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The opener was a one man band, The Blues Against Youth. The man who is the band, Gianni Tbay, came to us from Rome, Italy. He had been on quite a journey starting in Italy, stopping in Chicago, with his final destination being Nashville, Tennessee. Half way through his first song, I was hooked. Gianni, on a borrowed guitar, simplified drum kit, and microphone belted out Hank Williams classics and tunes of his own in tride and true honky tonk form drenched in southern blues. His finger pickin’ suburb, voice laden with twang, I expected a native to rocky top Tennessee. His set was an absolute treat.

Followed by The Blues Against Youth was a singer songwriter, Sierra Ferrell. Sierra’s music was a delightful blend of folk, country and traditional Americana. Her voice was full of sweetness and her music had a bright personality. Sierra’s tunes had a definite Emmylou Harris influence with a bit more of a folksy vibe. Her music wrapped me in a sincere warm hug.

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Lucas Denton with Special Guests finished the show with a full band and female trio on background vocals. Their set was mostly traditional Country and Americana, fronted by Luke, his vocals reminiscent of Bruce Springsteen. The set was lovingly punctuated with heart warming harmony and exquisitely executed lead guitar.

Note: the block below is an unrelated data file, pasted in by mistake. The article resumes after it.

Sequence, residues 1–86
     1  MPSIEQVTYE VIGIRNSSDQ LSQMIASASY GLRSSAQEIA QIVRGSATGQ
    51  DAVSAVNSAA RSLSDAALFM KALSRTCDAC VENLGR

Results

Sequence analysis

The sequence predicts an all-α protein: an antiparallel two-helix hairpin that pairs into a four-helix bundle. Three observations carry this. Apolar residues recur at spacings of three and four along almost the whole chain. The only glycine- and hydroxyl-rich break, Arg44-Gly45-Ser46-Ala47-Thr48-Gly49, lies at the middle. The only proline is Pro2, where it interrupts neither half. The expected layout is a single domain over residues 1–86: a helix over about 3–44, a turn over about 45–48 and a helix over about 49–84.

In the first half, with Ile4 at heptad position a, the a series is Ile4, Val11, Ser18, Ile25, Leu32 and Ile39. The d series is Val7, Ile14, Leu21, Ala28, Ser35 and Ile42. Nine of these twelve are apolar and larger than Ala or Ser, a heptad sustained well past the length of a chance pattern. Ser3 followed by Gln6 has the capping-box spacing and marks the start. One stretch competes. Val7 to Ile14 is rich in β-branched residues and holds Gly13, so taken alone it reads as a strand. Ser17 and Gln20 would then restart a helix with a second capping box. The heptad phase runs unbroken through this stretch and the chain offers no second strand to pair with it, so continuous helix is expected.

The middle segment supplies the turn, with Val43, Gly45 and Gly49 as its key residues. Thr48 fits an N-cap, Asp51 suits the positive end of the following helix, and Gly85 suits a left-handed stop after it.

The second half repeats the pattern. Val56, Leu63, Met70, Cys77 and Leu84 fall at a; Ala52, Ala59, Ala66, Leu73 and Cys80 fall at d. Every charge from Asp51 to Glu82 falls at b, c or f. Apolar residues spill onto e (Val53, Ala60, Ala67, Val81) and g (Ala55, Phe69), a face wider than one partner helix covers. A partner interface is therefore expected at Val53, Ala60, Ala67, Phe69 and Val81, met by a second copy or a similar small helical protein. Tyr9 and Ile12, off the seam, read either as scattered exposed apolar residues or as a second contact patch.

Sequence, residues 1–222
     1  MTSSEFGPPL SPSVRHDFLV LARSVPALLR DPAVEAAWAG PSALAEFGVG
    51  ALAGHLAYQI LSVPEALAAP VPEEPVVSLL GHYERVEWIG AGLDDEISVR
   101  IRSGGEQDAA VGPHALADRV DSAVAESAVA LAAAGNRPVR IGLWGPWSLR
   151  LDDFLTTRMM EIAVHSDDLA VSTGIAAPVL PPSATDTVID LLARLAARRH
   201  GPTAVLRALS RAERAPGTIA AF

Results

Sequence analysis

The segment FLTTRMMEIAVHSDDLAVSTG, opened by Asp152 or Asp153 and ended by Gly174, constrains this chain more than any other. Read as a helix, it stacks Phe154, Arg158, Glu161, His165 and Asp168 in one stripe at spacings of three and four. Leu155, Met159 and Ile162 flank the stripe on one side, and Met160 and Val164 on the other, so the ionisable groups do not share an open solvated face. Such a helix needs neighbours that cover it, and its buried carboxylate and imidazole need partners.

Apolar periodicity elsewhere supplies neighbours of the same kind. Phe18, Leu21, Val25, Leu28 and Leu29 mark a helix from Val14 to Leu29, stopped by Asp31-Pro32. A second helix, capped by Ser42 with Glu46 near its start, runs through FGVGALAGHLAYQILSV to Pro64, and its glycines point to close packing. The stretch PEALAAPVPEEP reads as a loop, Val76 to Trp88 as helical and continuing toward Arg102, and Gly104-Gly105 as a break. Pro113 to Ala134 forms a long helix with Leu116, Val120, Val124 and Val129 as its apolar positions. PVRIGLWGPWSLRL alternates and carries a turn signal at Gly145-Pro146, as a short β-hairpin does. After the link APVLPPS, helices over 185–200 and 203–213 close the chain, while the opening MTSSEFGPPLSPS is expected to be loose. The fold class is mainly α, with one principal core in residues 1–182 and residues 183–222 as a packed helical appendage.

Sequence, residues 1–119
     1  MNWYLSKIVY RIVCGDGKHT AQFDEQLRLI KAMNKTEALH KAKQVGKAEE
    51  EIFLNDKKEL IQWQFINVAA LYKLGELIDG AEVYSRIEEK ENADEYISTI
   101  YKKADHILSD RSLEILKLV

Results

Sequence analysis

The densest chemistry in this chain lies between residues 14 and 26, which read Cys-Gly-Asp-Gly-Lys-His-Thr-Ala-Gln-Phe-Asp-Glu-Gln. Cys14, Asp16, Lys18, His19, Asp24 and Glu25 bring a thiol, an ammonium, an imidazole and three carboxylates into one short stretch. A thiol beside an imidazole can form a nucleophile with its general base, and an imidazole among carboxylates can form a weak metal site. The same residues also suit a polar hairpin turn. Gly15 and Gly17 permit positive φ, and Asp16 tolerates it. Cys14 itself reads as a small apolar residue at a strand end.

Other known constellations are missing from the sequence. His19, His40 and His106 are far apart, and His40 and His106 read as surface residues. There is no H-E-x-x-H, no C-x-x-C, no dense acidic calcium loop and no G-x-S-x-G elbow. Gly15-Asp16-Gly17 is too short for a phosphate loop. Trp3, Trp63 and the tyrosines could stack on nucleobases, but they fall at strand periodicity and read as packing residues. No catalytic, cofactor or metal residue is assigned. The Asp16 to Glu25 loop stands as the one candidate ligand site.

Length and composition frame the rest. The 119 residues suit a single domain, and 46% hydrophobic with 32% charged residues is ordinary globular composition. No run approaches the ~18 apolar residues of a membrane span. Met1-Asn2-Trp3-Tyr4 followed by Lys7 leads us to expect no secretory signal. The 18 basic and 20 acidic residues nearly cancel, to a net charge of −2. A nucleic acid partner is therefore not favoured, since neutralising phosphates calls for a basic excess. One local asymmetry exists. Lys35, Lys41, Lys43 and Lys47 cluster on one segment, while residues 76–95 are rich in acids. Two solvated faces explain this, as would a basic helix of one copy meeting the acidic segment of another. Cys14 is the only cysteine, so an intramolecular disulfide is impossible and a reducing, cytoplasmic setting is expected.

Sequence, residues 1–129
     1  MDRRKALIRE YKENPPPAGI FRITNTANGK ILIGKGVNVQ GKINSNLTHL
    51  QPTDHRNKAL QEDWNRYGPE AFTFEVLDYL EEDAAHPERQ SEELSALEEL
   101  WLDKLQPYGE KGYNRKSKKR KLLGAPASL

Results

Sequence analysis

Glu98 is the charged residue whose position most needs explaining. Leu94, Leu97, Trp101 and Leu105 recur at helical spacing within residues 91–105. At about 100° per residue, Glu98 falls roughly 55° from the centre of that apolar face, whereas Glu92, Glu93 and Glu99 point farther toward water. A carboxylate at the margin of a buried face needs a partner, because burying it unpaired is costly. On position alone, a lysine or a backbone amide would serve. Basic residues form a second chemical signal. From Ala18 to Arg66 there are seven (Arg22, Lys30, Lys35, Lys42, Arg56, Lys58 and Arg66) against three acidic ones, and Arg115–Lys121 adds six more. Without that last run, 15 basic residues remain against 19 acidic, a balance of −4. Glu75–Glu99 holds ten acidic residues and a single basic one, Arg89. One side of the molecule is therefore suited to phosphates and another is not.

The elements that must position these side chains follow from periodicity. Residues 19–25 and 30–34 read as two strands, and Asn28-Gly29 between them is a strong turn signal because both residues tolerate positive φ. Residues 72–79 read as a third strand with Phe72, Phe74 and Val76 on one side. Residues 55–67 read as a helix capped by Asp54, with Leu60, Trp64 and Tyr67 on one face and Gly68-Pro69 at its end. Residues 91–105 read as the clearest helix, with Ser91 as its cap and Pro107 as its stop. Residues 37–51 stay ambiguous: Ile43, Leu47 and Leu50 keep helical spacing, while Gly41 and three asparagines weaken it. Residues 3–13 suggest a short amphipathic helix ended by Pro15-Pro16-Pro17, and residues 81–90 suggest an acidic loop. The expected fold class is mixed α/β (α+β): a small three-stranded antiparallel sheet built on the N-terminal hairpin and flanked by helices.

Little Harpeth hosts shows of many different genres, but it’s always magical to see what Nashville does best.

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My Lenormand card reading with Renee at Crystal Spirit House in Lebanon was a switch flipped. A literal lightning bolt that started in my stomach and moved to my awareness. I could feel electricity through me and felt the messages very clearly. I could feel my energy rising and my inner being vibrating. It was connecting me to myself.

My reading was mostly bringing to light feelings and ideas floating around in my head I hadnt fully danced with and latched onto. Confirming messages I was getting and questions I needed answered.

The reading did not tell me what action to take or predict my future. It confirmed what I knew in my heart were choices I needed to make. Its time to drop what no longer serves the highest good. Jump off and go into the unknown. Personal wellbeing ahead of all others. Nothing can be given from an empty well. The trust and confidence to optimize my gifts and strengths.

The specifics of what all this relates to, well, I will keep that to myself, but sometimes in life, we need help hearing what message is out there for us. Sometimes the message is just not clear. Sometimes we need to connect with our divine and clear out negative space.

Speaking with an intuitive, psychic, card reader, is just a way to do that. Its a way to help, a tool. If you have questions or seeking guidance, I would highly recommend Renee as a messenger.

 

http://www.crystalspirithouse.com